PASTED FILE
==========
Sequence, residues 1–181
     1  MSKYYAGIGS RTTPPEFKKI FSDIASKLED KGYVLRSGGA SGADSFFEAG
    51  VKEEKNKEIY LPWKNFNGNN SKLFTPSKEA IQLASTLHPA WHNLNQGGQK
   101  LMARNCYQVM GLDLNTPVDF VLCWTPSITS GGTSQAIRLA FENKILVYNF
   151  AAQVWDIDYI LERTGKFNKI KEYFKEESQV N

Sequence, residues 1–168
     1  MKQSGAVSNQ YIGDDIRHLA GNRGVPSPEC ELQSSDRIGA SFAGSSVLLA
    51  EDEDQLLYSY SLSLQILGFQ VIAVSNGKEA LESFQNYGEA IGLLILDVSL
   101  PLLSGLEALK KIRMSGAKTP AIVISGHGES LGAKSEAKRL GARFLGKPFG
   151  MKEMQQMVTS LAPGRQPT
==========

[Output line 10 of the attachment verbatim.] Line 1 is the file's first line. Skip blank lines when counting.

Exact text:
   151  MKEMQQMVTS LAPGRQPT